<< problem 54 - Poker hands | Powerful digit sum - problem 56 >> |

# Problem 55: Lychrel numbers

(see projecteuler.net/problem=55)

If we take 47, reverse and add, 47 + 74 = 121, which is palindromic.

Not all numbers produce palindromes so quickly. For example,

349 + 943 = 1292,

1292 + 2921 = 4213

4213 + 3124 = 7337

That is, 349 took three iterations to arrive at a palindrome.

Although no one has proved it yet, it is thought that some numbers, like 196, never produce a palindrome.

A number that never forms a palindrome through the reverse and add process is called a Lychrel number.

Due to the theoretical nature of these numbers, and for the purpose of this problem, we shall assume that a number is Lychrel until proven otherwise.

In addition you are given that for every number below ten-thousand, it will either

(i) become a palindrome in less than fifty iterations, or,

(ii) no one, with all the computing power that exists, has managed so far to map it to a palindrome.

In fact, 10677 is the first number to be shown to require over fifty iterations before producing a palindrome: 4668731596684224866951378664 (53 iterations, 28-digits).

Surprisingly, there are palindromic numbers that are themselves Lychrel numbers; the first example is 4994.

How many Lychrel numbers are there below ten-thousand?

# Algorithm

Intermediate numbers may become quite huge (as hinted in the problem), therefore I decided to store all numbers in a `BigNumber`

,

which is a `std::vector`

where each digit is stored as a single element (lowest digits first), e.g. 3401 = { 1, 0, 4, 3 }.

Then, reversing the digits becomes super-easy:

`auto reverse = number;`

`std::reverse(reverse.begin(), reverse.end());`

And checking whether we have a palindrome

`if (number == reverse)`

Adding the digits is based on the basic algorithm taught in school.

# My code

… was written in C++11 and can be compiled with G++, Clang++, Visual C++. You can download it, too.

The code contains `#ifdef`

s to switch between the original problem and the Hackerrank version.

Enable `#ifdef ORIGINAL`

to produce the result for the original problem (default setting for most problems).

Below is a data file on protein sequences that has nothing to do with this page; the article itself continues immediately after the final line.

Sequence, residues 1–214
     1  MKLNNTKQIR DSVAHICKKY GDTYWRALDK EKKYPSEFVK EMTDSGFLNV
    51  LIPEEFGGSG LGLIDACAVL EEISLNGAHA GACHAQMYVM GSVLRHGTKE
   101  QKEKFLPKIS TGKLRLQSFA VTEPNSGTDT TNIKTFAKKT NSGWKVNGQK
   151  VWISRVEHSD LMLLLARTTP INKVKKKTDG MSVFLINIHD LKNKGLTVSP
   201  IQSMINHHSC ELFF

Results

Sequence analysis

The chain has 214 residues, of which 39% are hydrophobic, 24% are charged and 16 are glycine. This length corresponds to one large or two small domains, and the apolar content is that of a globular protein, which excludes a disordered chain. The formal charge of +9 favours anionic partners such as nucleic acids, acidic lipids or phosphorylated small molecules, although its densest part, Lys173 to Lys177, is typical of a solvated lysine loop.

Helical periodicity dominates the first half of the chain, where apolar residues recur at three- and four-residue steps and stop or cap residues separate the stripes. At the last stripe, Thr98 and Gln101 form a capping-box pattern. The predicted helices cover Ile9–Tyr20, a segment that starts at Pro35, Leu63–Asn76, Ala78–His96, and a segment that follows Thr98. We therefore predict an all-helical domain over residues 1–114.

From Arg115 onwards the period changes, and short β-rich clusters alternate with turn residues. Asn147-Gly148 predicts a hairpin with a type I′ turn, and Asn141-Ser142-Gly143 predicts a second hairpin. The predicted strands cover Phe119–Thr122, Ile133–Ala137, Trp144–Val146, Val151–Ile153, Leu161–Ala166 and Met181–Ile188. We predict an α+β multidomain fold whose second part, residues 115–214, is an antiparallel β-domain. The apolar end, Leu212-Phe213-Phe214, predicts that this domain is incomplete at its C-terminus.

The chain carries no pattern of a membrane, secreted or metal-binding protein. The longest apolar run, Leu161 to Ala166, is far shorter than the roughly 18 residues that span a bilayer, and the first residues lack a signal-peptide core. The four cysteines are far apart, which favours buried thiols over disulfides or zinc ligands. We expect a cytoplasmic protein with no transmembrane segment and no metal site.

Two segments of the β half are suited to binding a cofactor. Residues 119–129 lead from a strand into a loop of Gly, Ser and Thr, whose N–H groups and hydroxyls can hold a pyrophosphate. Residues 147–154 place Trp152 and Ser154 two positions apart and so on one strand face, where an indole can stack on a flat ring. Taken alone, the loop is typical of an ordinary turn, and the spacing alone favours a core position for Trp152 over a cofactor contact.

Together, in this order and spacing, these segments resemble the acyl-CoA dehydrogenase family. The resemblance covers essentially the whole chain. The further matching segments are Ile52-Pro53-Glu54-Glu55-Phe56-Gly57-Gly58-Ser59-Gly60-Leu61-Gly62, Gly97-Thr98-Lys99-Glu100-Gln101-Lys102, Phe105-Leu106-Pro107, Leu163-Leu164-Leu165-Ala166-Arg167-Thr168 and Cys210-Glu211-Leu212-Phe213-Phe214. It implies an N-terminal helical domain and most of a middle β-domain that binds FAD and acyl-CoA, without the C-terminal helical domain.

#include <vector>
#include <map>
#include <algorithm>
#include <iostream>
//#define ORIGINAL

// a sequence of digits, lowest digits first, e.g. 3401 = { 1, 0, 4, 3 }

typedef std::vector<unsigned int> BigNumber;
// count all numbers converging to BigNumber

std::map<BigNumber, unsigned int> finalNumber;
// return true if x is a Lychrel number, stop after maxIterations (and return true if "indecisive")

bool isLychrel(unsigned int x, unsigned int maxIterations)
{
// split integer into its digit, store each digit in a separate cell
BigNumber number;
while (x > 0)
{
number.push_back(x % 10);
x /= 10;
}
// try to find a palindrome in the first 60 iterations
for (unsigned int iteration = 0; iteration < maxIterations; iteration++)
{
auto reverse = number;
std::reverse(reverse.begin(), reverse.end());
// check if palindrome
#ifdef ORIGINAL
if (iteration > 0) // originally, the initial number is allowed to be a palindrome
#endif
// no, can't be a Lychrel number
if (number == reverse)
{
finalNumber[number]++;
return false;
}
// add the reverse
auto sum = number;
unsigned int carry = 0;
for (size_t digit = 0; digit < number.size(); digit++)
{
// get digit "from the other end"
sum[digit] += reverse[digit] + carry;
// overflow ?
if (sum[digit] >= 10)
{
sum[digit] -= 10;
carry = 1;
}
else
{
// add one more digit
carry = 0;
}
}
if (carry > 0)
sum.push_back(carry);
number = std::move(sum);
}
// yes, we have a Lychrel number
return true;
}
int main()
{